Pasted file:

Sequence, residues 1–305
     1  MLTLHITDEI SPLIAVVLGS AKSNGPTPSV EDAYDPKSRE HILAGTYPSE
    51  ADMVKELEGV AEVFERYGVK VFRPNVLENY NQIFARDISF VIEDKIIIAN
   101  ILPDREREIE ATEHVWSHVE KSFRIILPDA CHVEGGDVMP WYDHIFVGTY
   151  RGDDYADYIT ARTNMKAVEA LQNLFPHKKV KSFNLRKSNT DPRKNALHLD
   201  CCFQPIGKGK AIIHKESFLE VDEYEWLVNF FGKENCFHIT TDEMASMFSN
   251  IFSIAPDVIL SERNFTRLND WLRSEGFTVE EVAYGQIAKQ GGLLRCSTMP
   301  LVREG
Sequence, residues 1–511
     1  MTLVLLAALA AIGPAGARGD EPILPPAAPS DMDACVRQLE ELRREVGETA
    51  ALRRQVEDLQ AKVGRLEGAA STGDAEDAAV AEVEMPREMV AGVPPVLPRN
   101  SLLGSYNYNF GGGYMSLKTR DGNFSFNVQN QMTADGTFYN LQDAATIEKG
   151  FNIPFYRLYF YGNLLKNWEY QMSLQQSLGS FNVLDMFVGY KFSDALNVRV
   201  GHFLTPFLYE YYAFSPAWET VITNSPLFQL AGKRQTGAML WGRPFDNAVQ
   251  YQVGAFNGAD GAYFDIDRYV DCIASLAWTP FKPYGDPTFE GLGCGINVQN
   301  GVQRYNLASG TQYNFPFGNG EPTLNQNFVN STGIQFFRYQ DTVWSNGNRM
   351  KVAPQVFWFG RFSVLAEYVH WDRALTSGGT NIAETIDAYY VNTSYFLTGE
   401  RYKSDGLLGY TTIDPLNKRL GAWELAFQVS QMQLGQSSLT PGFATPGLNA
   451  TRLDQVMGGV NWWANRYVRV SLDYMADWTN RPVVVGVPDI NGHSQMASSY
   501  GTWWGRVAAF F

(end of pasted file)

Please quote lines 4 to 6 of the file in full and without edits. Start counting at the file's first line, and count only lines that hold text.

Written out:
   101  ILPDREREIE ATEHVWSHVE KSFRIILPDA CHVEGGDVMP WYDHIFVGTY
   151  RGDDYADYIT ARTNMKAVEA LQNLFPHKKV KSFNLRKSNT DPRKNALHLD
   201  CCFQPIGKGK AIIHKESFLE VDEYEWLVNF FGKENCFHIT TDEMASMFSN